North Korea announced
on Feb.10 that it had nuclear weapons and it refused to return
to six party talks with Russia, Japan, China, South Korea,
and the United States. North Korean leader Kim Jong ll said
the United States has a very “hostile” policy towards
North Korea, and it must be changed.
North Korea has demanded for several years that the United
States hold unilateral talks with it. The U.S. government
has refused so far.To talk with North Korea
unilaterally would put the United States in a position where, it alone, is requiring
North Korea to disarm its nuclear weapons. Without the aid of a six-party talk,
if North Korea and the United States would be forced to either back down or handle
this situation much as it handles almost all of its foreign conflicts, by force.
President Bush does not want to be left with only two options. Requiring multilateral
talks means that if North Korea refuses to disarm, the U.S. is not forced into
a war it does not want right now.
Recently, North Korea has hinted at returning to six-party
talks under some conditions. According to leader Kim Jong
ll, North Korea will return to talks if the United
States shows that it is “trustworthy” and “sincere.” How
exactly does the United States show this? The proposition is so vague that it
would allow North Korea to do whatever is expedient.
The six-party talks are geared towards convincing North Korea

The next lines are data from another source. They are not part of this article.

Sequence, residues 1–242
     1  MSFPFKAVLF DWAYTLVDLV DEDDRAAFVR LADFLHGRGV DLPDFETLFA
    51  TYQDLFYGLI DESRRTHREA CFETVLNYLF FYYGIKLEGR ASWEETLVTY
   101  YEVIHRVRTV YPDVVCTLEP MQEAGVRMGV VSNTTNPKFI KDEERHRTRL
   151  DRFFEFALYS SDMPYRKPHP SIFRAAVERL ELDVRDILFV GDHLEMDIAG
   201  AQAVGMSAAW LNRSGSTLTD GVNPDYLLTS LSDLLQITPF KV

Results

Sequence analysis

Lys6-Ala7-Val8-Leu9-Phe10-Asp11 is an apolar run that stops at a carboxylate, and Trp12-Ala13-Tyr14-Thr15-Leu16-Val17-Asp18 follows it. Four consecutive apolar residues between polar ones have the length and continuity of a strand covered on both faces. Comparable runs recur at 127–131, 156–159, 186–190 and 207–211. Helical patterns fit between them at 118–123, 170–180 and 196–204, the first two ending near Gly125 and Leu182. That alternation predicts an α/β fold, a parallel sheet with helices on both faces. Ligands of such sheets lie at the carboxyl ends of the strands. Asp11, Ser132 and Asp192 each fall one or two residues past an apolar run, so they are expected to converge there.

to abandon its weapons in order to avoid being a threat towards
its Asian neighbors and the
United States. For doing so, North Korea will receive economic and diplomatic
rewards which includes security guarantees it wants from the United States.
“We share a concern about the events on the Korean Peninsula,” U.S.
Secretary of State Condoleezza Rice told reporters. Sharing concern is an understatement.
Considering that North Korea is said to possess as many as 10 nuclear warheads
and missiles capable of reaching both Alaska and Hawai‘i, we must be extremely
cautious and very concerned.
Whatever the United States has to do to prove itself trustworthy
and sincere, it must go about doing so. Our nation is largely
divided about the conflict
going on in Iraq. Another military conflict would destroy the U.S. morale completely,
spread our forces to then make us look like the “Big Bully” that
the whole world perceives us to be. One war with Korea was bad enough; unless
Kim Jong ll actually attacks us, there is absolutely no reason for a sequel.